Vertical Motion and Free Fall Video Lessons

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Problem: A hoodlum throws a stone vertically downward with an initial speed of 12.0m/s from the roof of a building, 30.0m above the ground. (a) How long does it take the stone to reach the ground? (b) What is the speed of the stone at impact?

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We're asked for the time of flight and final velocity of the vertically-thrown stone.

Whenever we have a problem where an object is dropped or thrown from some height, it is affected only by the constant acceleration of gravity (g = 9.8 m/s) after being released, and therefore we can use the kinematics (UAM) equations. Because the motion is in the vertical direction, we'll replace Δx with Δy. Our standard coordinate system has the +y-axis pointing upwards, so we say = −g = −9.8 m/s2. To solve, we'll follow these steps:

  1. Identify the target variable for each part of the problem.
  2. Identify which variables are known—remember that only 3 of the 5 variablesy, v0, vf, a, and t) are needed to solve any kinematics problem, and we already know what a is.
  3. Choose a UAM equation with only one unknown, which should be our target variable.
  4. Solve the equation for the target variable, then substitute known values and calculate the answer.

 vf = v0 -gty= (vf+v02)ty= v0t-12gt2 vf2= v02 -2gy

Remember that down is the −y-direction, and make sure you're using the right sign for any velocities and displacements in the problem!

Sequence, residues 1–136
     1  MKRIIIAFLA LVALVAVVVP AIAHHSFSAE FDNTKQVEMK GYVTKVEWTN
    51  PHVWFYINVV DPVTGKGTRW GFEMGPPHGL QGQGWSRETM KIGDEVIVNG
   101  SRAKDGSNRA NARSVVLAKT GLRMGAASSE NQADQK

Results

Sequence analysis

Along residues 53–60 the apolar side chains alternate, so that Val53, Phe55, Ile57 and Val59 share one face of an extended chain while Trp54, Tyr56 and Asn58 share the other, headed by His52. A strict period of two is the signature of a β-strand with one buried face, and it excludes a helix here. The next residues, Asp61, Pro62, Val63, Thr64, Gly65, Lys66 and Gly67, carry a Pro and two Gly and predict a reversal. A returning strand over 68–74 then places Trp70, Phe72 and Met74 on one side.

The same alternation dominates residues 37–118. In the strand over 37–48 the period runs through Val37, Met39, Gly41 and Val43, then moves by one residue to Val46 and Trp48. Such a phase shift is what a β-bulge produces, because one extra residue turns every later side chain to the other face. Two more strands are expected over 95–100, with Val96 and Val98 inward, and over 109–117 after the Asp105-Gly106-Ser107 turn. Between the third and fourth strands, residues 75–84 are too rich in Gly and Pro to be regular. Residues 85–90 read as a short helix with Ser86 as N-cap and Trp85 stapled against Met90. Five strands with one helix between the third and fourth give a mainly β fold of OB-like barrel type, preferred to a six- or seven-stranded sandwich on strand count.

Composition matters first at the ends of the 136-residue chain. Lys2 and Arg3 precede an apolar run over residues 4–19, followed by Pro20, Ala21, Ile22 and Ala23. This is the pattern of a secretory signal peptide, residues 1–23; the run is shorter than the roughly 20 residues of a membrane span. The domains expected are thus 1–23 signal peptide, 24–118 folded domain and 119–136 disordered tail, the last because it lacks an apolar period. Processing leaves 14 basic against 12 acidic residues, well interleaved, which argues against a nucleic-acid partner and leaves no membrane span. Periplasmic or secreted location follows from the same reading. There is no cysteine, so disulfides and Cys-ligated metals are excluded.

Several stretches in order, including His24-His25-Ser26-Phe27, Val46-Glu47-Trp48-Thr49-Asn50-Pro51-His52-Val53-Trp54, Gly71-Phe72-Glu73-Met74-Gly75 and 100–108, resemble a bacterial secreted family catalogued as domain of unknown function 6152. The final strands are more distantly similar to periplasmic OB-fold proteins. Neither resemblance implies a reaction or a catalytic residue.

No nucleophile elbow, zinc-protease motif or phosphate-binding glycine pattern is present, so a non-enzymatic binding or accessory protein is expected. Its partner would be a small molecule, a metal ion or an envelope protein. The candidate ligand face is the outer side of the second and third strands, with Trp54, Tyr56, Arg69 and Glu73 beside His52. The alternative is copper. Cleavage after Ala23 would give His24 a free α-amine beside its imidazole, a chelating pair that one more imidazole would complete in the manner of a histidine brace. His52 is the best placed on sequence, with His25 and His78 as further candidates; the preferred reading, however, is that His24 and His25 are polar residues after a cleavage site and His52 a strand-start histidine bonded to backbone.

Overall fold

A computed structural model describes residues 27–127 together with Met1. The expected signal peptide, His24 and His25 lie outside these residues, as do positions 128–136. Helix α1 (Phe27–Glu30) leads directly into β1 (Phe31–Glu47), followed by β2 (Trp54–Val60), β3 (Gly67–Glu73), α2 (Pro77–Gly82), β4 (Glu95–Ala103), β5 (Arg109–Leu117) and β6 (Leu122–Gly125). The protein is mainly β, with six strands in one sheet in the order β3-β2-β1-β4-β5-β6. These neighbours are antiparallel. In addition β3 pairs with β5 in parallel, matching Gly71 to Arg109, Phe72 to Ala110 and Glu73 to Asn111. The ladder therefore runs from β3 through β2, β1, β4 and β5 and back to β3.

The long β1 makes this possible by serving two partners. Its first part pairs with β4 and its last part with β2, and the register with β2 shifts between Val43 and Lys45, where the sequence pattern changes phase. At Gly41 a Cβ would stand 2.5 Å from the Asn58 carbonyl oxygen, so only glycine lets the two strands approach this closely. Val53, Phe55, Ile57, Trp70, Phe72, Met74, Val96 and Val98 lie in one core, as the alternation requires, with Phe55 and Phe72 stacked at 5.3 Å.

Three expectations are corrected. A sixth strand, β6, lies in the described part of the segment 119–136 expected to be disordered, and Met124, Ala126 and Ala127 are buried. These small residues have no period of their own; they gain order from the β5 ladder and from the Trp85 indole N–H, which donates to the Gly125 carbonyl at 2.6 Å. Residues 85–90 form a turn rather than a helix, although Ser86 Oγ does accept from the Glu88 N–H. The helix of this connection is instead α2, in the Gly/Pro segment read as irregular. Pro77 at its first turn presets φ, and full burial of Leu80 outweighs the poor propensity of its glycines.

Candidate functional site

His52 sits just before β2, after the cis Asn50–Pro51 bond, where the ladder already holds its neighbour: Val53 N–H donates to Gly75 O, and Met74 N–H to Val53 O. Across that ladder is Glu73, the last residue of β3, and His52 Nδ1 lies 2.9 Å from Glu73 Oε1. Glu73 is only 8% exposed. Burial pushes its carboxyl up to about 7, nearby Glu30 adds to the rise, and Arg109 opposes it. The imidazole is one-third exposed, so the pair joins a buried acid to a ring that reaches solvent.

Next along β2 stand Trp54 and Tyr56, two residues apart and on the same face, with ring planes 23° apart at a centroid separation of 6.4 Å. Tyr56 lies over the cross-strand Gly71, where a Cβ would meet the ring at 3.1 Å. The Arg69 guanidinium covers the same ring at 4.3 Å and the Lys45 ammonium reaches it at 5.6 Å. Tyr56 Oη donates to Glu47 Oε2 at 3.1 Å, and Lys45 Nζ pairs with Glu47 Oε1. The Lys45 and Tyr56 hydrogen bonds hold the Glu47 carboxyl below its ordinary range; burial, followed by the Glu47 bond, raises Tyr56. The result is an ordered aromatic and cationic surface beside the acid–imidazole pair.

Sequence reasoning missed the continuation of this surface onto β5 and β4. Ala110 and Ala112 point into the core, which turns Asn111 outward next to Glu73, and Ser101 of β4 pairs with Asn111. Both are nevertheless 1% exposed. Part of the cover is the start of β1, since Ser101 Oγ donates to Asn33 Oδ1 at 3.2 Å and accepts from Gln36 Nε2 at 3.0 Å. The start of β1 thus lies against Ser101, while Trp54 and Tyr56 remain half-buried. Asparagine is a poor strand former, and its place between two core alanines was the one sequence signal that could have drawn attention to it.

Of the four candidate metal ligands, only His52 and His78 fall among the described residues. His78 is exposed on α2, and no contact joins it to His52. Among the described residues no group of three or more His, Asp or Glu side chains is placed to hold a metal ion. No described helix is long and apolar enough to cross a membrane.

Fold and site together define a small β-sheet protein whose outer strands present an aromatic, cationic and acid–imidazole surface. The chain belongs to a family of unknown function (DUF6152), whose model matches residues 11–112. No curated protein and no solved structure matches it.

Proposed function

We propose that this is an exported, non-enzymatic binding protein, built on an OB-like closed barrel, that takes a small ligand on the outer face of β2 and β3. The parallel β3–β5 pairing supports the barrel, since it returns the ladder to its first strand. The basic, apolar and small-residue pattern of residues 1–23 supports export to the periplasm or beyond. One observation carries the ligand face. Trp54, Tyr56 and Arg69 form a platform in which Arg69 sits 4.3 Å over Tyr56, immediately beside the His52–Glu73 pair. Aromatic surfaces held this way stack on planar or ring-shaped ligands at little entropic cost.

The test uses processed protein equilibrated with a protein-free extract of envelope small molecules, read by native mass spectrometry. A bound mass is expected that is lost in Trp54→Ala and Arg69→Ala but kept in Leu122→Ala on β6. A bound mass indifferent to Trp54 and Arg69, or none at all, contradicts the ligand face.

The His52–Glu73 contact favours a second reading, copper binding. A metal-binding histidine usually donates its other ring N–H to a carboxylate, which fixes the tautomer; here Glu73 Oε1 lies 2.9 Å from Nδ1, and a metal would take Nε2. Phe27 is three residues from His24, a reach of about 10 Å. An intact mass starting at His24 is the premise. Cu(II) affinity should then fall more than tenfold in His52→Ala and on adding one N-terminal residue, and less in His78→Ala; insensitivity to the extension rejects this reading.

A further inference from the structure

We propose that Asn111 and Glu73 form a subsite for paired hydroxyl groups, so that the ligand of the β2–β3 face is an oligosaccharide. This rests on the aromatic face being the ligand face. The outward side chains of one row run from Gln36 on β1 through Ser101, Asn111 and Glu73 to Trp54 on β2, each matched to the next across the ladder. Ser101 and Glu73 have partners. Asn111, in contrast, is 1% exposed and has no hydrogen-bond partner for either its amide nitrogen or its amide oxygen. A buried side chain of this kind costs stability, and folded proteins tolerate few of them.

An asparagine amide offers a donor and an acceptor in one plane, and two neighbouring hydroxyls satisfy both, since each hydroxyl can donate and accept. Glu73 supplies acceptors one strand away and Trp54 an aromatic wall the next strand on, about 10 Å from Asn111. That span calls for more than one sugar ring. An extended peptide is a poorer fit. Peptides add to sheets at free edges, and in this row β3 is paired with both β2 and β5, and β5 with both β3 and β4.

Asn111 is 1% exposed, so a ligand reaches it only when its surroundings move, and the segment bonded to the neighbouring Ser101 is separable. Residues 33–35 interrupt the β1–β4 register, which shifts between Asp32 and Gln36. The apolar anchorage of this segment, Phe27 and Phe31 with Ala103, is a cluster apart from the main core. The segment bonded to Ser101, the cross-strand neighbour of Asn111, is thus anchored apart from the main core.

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Problem Details

A hoodlum throws a stone vertically downward with an initial speed of 12.0m/s from the roof of a building, 30.0m above the ground. 
(a) How long does it take the stone to reach the ground?
(b) What is the speed of the stone at impact?

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Our tutors have indicated that to solve this problem you will need to apply the Vertical Motion and Free Fall concept. You can view video lessons to learn Vertical Motion and Free Fall. Or if you need more Vertical Motion and Free Fall practice, you can also practice Vertical Motion and Free Fall practice problems.

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Based on our data, we think this problem is relevant for Professor Velissaris' class at UCF.

What textbook is this problem found in?

Our data indicates that this problem or a close variation was asked in Fundamentals of Physics - Halliday Calc 10th Edition. You can also practice Fundamentals of Physics - Halliday Calc 10th Edition practice problems.